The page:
This is a list of earthquakes in Canada.
|2018-10-22||Vancouver Island, British Columbia||49.335||-129.289||0||0||6.8||IV|
|2017-05-01||Stikine Region, British Columbia||59.83||-136.70||0||0||6.3||VIII||Minor damage / Doublet earthquake|
|2017-05-01||Stikine Region, British Columbia||59.82||-136.71||0||0||6.2||VII|
|2015-04-24||South of Haida Gwaii||51.62||-130.77||0||0||6.2||V|
|2014-04-24||West of Vancouver Island||49.64||-127.73||0||0||6.5||VI|
|2013-09-04||182 km SW of Bella Bella, British Columbia||51.18||-130.23||0||0||6.0||IV|
|2013-01-05||Near Craig, Alaska||55.23||-134.86||0||0||7.5||VI||First supershear earthquake observed in an oceanic plate boundary|
|2015-04-24||South of Haida Gwaii||51.62||-130.77||0||0||6.2||V|
|2012-11-08||West of Vancouver Island||49.23||-128.48||0||0||6.1||IV|
|2012-10-30||Haida Gwaii||52.37||-131.90||0||0||6.2||Aftershock of 7.8 earthquake|
|2012-10-28||Haida Gwaii||52.67||-132.60||0||0||6.3||V||Aftershock of 7.8 earthquake|
|2012-10-27||Haida Gwaii||52.77||-131.93||1||7.8||V||Non-destructive tsunami|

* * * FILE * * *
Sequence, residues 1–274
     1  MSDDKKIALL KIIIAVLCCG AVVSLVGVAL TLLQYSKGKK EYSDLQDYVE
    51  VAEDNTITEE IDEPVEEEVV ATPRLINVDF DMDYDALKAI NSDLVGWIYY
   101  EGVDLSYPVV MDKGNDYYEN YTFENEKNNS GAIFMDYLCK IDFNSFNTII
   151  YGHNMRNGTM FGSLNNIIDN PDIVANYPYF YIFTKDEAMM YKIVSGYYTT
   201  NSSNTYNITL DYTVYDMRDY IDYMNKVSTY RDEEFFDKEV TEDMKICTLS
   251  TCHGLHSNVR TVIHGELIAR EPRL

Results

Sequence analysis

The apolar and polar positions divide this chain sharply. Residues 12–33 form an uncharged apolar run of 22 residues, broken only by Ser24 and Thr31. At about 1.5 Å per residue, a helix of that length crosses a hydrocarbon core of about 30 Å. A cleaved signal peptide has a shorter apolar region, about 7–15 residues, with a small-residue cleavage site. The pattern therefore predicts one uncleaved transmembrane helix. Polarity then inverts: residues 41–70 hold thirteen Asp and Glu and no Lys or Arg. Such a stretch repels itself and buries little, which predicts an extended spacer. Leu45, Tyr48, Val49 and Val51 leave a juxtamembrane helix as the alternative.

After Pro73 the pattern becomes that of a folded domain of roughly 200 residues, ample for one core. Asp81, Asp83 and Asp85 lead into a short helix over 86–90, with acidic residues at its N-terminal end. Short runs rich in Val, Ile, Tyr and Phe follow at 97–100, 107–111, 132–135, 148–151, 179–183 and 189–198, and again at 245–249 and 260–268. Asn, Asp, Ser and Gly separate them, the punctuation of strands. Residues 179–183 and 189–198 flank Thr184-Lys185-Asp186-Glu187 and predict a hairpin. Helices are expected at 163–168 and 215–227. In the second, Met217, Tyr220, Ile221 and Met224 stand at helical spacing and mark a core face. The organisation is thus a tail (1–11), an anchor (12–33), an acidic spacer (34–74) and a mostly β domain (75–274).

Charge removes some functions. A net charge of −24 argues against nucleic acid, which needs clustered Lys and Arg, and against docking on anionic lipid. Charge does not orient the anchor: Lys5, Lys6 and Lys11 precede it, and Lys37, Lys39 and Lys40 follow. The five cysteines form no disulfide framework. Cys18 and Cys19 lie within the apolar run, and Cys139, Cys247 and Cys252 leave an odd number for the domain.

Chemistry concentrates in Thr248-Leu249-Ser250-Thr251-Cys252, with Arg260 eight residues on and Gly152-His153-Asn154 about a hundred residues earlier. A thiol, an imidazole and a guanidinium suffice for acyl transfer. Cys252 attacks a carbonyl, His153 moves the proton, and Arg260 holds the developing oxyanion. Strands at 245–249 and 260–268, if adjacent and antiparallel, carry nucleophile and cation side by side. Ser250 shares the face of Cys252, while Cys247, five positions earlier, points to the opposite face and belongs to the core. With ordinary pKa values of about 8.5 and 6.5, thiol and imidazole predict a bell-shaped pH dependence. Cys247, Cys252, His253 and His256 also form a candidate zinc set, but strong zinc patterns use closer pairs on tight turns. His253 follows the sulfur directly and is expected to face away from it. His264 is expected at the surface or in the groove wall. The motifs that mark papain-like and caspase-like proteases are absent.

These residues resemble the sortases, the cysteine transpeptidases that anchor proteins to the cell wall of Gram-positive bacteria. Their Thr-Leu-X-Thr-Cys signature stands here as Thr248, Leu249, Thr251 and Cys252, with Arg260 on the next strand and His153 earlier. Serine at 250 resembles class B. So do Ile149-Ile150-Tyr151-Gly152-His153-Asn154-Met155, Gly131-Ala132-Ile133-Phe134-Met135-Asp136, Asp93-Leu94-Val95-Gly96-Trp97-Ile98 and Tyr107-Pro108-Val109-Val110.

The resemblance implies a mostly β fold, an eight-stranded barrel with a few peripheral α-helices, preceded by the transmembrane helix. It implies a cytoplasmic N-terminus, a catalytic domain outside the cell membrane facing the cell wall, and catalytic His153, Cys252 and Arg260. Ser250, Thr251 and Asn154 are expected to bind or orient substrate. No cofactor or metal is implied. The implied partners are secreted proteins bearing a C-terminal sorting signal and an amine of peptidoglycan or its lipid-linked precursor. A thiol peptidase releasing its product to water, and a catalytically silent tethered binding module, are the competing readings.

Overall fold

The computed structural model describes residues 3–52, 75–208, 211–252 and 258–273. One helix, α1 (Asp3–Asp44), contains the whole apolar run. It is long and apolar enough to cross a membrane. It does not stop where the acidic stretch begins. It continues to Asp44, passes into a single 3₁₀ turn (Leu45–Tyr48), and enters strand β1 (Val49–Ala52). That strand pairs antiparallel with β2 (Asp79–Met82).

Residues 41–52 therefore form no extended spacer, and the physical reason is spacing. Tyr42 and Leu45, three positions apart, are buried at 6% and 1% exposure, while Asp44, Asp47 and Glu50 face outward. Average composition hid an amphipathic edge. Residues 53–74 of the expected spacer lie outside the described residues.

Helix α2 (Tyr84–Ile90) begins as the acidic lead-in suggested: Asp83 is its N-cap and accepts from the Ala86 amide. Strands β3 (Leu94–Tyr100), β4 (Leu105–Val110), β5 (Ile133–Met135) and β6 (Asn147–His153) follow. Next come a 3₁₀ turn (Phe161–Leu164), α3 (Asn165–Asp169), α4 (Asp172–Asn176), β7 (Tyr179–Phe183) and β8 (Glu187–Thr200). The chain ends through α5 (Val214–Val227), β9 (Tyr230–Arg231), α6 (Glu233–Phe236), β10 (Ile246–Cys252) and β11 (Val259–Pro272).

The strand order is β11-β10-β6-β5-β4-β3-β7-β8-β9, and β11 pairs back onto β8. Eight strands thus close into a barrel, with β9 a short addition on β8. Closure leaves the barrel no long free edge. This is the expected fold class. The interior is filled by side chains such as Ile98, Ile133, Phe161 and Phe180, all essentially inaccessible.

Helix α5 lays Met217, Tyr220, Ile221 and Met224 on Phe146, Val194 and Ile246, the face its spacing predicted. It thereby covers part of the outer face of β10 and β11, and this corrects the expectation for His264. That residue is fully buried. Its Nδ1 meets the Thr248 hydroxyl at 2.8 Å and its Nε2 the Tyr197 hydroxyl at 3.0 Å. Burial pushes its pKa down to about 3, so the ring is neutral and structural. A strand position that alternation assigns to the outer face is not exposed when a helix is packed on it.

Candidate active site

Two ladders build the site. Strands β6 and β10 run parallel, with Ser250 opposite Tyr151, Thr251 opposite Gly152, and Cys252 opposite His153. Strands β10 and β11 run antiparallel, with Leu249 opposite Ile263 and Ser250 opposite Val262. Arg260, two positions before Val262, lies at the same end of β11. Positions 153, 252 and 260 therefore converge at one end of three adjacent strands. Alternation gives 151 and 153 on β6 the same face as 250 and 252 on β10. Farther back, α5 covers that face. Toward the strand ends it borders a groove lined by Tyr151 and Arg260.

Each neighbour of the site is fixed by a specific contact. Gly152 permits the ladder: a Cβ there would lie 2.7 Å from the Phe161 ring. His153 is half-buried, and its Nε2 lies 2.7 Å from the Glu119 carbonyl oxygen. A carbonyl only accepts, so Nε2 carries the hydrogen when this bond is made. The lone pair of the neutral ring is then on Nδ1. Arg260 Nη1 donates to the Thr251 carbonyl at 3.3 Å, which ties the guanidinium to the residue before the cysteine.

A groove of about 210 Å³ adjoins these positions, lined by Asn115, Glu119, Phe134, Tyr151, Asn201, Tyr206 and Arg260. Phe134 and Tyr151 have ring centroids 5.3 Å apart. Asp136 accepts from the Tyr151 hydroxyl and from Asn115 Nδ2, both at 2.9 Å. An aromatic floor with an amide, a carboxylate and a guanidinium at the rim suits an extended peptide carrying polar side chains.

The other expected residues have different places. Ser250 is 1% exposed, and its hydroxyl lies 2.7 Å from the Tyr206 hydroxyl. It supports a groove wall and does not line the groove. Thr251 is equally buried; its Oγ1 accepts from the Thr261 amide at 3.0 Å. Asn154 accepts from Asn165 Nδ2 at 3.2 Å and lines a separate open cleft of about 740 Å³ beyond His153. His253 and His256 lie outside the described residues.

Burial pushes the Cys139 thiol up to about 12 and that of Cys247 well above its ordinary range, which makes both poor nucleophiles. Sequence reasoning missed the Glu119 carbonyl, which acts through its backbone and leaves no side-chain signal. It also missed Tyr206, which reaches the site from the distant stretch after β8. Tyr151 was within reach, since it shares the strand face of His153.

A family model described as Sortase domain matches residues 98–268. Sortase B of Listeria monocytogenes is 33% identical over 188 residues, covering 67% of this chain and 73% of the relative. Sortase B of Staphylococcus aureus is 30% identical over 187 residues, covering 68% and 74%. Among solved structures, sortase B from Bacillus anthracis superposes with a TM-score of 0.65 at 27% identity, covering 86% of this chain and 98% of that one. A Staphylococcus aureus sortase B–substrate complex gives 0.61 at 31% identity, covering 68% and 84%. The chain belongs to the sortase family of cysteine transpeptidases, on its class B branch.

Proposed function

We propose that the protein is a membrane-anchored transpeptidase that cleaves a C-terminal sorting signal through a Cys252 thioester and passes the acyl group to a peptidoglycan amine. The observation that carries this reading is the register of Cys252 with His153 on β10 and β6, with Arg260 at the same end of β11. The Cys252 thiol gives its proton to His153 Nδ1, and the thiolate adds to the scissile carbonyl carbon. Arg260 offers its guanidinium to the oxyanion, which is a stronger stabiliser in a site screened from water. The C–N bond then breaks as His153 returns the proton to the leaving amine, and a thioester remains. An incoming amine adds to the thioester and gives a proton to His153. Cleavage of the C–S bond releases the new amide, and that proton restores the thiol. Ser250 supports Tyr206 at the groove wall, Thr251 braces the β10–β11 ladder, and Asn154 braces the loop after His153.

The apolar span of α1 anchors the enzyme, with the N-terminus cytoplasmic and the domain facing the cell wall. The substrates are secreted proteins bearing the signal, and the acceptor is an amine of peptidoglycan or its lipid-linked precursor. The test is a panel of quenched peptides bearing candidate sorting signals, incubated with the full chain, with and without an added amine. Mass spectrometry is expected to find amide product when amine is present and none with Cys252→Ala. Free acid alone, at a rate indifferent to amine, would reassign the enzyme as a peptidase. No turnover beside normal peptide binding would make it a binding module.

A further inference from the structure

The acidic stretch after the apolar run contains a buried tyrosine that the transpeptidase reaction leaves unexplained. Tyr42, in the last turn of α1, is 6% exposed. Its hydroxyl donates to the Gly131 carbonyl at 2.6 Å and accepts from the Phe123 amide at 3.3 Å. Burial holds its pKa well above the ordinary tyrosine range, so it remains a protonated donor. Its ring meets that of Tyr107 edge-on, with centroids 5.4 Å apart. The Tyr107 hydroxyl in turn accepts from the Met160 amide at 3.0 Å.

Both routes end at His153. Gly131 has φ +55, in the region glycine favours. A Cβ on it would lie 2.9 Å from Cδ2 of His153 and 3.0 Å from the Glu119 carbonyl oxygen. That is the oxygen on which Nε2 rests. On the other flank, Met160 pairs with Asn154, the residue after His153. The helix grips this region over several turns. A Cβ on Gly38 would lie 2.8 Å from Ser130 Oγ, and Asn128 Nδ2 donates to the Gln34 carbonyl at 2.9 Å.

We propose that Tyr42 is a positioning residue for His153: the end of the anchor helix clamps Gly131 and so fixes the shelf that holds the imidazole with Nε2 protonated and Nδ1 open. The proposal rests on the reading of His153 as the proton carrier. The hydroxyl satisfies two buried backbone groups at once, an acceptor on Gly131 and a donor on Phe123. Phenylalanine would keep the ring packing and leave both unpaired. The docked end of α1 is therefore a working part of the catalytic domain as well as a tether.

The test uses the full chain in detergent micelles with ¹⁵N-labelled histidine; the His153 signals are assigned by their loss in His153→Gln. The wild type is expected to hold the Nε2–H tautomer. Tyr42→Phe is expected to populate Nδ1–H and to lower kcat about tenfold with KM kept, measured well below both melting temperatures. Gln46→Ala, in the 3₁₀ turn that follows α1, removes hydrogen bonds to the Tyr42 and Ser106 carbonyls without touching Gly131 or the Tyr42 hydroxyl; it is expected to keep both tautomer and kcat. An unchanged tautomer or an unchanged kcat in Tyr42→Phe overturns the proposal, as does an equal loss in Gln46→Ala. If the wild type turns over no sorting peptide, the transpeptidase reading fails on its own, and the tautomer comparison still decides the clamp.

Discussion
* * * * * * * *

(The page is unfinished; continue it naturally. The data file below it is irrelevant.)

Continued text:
|2011-09-09||Vancouver Island||49.49||-126.97||6.4 Mw||20–30 second strike-slip intraplate shock|
|2010-06-23||Central Canada||45.9||-75.5||5.0 Mw||VI|
|2009-11-17||Queen Charlotte Islands, BC||51.82||-131.78||6.5 Mw|
|2008-01-05||Queen Charlotte Islands, BC||51.07||-131.06||6.5 Mw||Doublet (6.4 Mw shock 40 minutes later)|
|2007-10-09||The Nazko region||52.88||-124.8||≤4.0||I||Swarm ended June 2008|
|2004-11-02||Vancouver Island, BC||49.28||-128.77||6.7 Mw|
|2001-02-28||Puget Sound||47.19||-122.66||0–1||400||6.8 Mw||VIII||One possible related heart attack in Washington.|
|1997-11-05||Quebec City, QC||46.75||-71.35||1||5.2 mN|
|1989-12-25||Ungava Region||60.12||-73.6||6.0 Mw||IV||First shock in eastern North America with surface faulting|
|1985-12-23||The Nahanni region, Northwest Territories||62.22||-124.24||6.9 Mw||The strongest of a sequence of major earthquakes|